Growing Knowledge

Read the latest insights from our experts as they cover agronomy issues that matter most to you and your operation.

Combine Land and Weed Management for 2019 Success

Mark Glady
Regional Agronomist
It’s time to formulate your land management and herbicide programs for 2019. Here’s how combining these strategies can provide optimal weed control without sacrificing sustainability.
 
Herbicide choices
If your 2018 herbicide program adequately controlled weeds, you’ve dramatically reduced the weed seed bank potential for next year’s crop. If some of your 2018 herbicide choices didn’t work as planned and you have weed seed that scattered when you harvested, you’re going to have some challenges come spring. This will make applying a residual herbicide at preemergence particularly important.
 
One option is Threesidual™ herbicide, which contains three active ingredients from three different sites of action to manage weeds in field and silage corn. Add InterLock® adjuvant to the tank mix to achieve optimal deposition.
 
Tillage system
If you are a no-till soybean farmer, it’s important to do a spring burndown with some glyphosate and dicamba prior to planting. And you should apply a broad-spectrum residual herbicide such as PREsidual® herbicide to prevent weeds from emerging. If you use conventional tillage, you will eliminate those weeds during the tillage process, so you don’t need to spray before you plant. However, you will need to apply a preemergence herbicide such as PREsidual herbicide, Charger Basic® herbicide or Dimetric® EXT herbicide, mixed with InterLock adjuvant.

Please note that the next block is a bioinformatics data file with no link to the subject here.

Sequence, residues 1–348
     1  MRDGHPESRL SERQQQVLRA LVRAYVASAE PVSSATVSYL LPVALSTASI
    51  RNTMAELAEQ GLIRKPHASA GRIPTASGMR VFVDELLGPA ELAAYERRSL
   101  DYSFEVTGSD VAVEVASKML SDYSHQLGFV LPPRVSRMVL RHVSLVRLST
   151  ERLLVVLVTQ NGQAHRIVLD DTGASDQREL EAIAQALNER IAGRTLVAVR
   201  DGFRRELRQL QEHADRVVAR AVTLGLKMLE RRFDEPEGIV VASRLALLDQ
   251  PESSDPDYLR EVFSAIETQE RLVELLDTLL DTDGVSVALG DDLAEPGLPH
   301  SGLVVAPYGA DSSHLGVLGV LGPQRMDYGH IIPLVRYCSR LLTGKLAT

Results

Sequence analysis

Sustainability goals
Conventional tillage, of course, churns the ground up, which can lead to erosion, versus no-till, which reduces it. However, no-till requires more herbicides, which are safe when used according to label directions. If you are a conventional farmer who is trying to work some no-till plantings into your operation, be sure to use a broad-spectrum herbicide program that manages all weed species. Such a program might include applications in addition to the normal spring and early-summer spray times to achieve effective control.
 
Likewise, planting a cover crop can be a good choice for no-till farmers, since it can help reduce soil erosion, preserve topsoil and create better soil structure as a result of its active root system development. Cover crops can also be used effectively with conventional tillage.
 
Agronomist recommendations
Remember that controlling broadleaf weeds such as waterhemp or ragweed can require a different herbicide system than when managing grass species such as foxtail. If you haven’t done so, let your local trusted advisor know specifically which species of weeds and/or grasses were problematic in your fields this season. Then determine which products can manage the issues and what land management practices will best complement that strategy.

Season 15, Episode 4: Real Talk: Sustainability and Modern Farming

Joel Wipperfurth
Director of E-business